With cities and states across the nation entering the first phases of reopening post-pandemic, many Americans are ready to return to work, stores, restaurants, parks, and beaches. But many also feel a sense of trepidation and worry that life may not be as it was before the pandemic overtook our nation.
For our fifth week of COVID-19 poll insights, we utilized our poll unit across a variety of news sites with U.S. audiences to discover how readers envision what life may look like after the peak of the pandemic has passed. With over 5,000 responses submitted, readers expressed their predictions for a post-coronavirus world.
With states easing up restrictions, readers are eager to see their family and friends:
Exactly half of respondents (50 percent) can’t wait to see friends and family after self-quarantine restrictions are lifted. Over 35 million Americans live alone, and many had to cope with severe loneliness during months of isolation, making in-person contact with family and friends all the more invaluable.
As stores slowly reopen across the nation, 12 percent of respondents are eager to shop for non-essentials. More and more retailers are offering curbside pickup as another way to keep customers safe, in addition to social distancing markers and capacity limits.
11 percent of respondents say the first thing they’ll do is get physical activity, while 27 percent have other things in mind, whether it’s dining at a restaurant or hitting the beach.
Readers are hesitant to travel and attend live events:
Half of respondents (50 percent) say they don’t plan on traveling once restrictions are lifted, while a more optimistic 25 percent of respondents plan on vacationing. 20 percent plan on visiting family members, while only 5 percent will travel for work. Experts say there are many variables to consider when gauging how safe it is to travel, whether it’s for work or for pleasure.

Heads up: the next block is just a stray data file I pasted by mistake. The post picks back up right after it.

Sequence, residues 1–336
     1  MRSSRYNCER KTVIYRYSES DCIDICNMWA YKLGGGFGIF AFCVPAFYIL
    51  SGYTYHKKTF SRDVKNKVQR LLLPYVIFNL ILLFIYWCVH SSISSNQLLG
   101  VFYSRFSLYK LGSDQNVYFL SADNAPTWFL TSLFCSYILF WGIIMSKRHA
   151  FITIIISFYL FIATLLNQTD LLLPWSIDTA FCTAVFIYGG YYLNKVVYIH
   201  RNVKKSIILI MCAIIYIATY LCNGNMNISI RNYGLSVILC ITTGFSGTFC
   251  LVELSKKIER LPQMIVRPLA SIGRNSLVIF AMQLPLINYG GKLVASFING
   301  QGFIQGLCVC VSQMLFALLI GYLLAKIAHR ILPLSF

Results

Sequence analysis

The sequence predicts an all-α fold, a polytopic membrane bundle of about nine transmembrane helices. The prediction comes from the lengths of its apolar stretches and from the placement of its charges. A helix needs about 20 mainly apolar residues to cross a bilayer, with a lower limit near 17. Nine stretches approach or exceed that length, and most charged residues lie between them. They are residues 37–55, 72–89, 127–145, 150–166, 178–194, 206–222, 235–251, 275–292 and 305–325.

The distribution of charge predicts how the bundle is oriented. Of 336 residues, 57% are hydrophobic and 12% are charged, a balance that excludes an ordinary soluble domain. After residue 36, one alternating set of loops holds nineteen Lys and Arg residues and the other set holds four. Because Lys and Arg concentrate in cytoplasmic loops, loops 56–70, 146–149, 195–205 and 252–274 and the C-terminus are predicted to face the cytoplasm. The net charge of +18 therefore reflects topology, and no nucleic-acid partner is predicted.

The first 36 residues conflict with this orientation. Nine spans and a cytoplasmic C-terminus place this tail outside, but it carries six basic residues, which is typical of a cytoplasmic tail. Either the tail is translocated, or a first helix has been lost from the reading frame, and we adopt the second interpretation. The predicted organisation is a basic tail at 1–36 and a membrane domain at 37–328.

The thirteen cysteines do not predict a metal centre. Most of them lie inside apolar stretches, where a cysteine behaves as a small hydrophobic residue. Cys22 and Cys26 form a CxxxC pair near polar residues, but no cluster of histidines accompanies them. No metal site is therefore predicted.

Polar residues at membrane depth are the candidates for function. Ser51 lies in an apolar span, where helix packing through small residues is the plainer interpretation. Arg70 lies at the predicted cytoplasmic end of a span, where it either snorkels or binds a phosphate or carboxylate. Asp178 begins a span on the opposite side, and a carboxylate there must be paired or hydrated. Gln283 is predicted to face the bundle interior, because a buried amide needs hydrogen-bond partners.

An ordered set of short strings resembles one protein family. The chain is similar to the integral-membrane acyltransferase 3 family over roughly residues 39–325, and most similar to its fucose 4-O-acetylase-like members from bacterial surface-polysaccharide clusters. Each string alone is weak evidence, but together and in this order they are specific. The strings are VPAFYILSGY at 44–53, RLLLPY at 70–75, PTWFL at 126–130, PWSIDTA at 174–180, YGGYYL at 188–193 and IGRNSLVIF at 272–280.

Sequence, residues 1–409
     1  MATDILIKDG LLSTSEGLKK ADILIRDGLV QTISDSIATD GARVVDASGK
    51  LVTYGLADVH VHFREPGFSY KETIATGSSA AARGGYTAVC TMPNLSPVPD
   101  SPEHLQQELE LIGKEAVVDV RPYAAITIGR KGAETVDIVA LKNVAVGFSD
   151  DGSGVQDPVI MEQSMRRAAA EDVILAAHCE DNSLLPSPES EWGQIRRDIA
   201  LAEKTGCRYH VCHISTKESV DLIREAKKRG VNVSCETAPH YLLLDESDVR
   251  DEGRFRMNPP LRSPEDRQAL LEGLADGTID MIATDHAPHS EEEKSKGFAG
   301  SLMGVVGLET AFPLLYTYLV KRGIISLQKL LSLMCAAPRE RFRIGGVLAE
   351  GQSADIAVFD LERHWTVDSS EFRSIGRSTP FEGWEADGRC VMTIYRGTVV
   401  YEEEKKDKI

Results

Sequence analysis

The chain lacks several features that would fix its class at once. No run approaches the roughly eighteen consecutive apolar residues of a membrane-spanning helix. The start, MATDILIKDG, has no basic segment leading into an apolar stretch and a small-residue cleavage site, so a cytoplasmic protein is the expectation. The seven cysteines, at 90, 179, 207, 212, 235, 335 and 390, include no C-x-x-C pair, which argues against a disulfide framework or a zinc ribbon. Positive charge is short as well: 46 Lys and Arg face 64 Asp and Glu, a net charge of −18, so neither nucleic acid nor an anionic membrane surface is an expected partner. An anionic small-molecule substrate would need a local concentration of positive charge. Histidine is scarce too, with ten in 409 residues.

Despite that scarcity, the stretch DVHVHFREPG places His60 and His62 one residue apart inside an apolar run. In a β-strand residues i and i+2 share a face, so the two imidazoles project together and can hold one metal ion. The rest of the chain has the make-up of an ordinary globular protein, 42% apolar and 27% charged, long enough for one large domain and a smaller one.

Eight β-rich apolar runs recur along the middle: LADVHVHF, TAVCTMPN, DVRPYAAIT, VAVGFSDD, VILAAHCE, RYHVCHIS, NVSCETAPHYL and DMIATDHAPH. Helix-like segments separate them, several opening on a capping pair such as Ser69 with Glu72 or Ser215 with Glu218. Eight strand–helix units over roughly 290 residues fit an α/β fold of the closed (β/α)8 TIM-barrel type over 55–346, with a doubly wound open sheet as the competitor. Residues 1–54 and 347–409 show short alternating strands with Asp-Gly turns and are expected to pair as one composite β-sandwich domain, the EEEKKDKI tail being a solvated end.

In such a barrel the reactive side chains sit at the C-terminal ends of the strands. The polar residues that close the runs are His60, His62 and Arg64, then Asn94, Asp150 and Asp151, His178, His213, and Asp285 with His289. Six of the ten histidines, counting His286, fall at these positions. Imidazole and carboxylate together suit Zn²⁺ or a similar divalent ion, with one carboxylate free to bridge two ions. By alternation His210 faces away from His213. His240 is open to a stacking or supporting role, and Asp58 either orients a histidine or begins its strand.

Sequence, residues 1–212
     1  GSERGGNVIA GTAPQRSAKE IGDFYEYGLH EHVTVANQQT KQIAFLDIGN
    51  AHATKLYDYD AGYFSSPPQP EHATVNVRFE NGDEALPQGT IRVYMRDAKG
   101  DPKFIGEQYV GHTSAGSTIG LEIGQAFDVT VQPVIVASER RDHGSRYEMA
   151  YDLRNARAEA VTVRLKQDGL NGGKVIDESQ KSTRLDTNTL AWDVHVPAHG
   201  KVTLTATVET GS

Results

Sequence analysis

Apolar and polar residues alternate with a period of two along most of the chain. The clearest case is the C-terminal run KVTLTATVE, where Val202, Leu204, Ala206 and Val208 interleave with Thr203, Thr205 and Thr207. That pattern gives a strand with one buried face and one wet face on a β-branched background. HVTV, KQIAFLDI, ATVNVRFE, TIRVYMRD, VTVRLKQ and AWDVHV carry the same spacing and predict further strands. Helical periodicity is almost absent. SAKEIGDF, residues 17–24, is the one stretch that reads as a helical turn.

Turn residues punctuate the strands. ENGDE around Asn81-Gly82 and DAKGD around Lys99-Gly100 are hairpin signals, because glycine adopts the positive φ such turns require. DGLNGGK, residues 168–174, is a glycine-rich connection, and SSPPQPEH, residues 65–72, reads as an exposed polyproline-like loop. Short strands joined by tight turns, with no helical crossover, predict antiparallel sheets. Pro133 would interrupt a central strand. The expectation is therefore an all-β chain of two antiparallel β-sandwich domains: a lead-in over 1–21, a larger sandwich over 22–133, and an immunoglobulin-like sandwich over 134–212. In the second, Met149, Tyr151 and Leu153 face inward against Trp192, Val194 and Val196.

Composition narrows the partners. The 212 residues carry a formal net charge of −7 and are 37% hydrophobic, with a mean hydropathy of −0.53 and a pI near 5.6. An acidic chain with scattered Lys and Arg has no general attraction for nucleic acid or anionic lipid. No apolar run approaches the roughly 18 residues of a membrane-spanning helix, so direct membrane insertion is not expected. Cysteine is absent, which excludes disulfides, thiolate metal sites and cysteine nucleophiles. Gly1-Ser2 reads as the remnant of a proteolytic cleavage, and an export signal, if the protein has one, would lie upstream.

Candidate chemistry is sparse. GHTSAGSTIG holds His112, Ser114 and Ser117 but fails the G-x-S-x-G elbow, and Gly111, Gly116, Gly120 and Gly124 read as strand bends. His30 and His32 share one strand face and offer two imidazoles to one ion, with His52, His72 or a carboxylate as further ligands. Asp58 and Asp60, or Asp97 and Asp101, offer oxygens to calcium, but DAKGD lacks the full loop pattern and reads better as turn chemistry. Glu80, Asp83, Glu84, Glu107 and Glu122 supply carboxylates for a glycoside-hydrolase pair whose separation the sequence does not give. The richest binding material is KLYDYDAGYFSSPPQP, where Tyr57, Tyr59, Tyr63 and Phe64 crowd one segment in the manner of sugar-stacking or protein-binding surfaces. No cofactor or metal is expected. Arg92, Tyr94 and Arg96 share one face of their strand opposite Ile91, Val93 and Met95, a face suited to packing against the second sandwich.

When it comes to large events such as basketball games and concerts, a whopping 60 percent of respondents will be more hesitant to attend in the future, while only 26 percent responded no. Public health professionals are similarly reluctant to crowd surf and cheer on the Knicks; in a recent New York Times article, a vast majority of epidemiologists say they’ll feel comfortable attending large events such as concerts and plays over a year from now. Events are responding in like, with the U.S. Open Tournament recently announcing it will be held without fans in attendance.
But some leaders in the live events industry are optimistic, with one stating that live events will “come back, and they’re going to come back in a big way.” Ali Rubenstein says, “We’re not going to let things like wearing masks or having to stand six feet apart for a while and be appropriately socially distanced stop the craving to get back out and experience live events, human interaction, exhibitions, entertainment, all of those things.”
Readers believe we won’t have a vaccine or a fully-recovered economy by the end of 2020:
Though drugmakers around the globe are racing to create a coronavirus vaccine, over half of respondents (59 percent) don’t believe we’ll have one before the end of 2020. It typically takes a decade to develop a vaccine, but given the extreme urgency, drugmakers are shortening trials and expediting the process.
72 percent of respondents don’t think America’s economy will be able to recover by the end of 2020. Though the market has rebounded slightly from the crash of March 2020, the stock market is once again tumbling as investors fear another surge of cases.
How is your team gauging your readers’ thoughts today? You can use our highly-customizable polling unit to better understand your audience at crucial moments, and create informative, engaging content that will address their interests and needs.
written on 06/24/2020
Monique Melendez, Content Contributor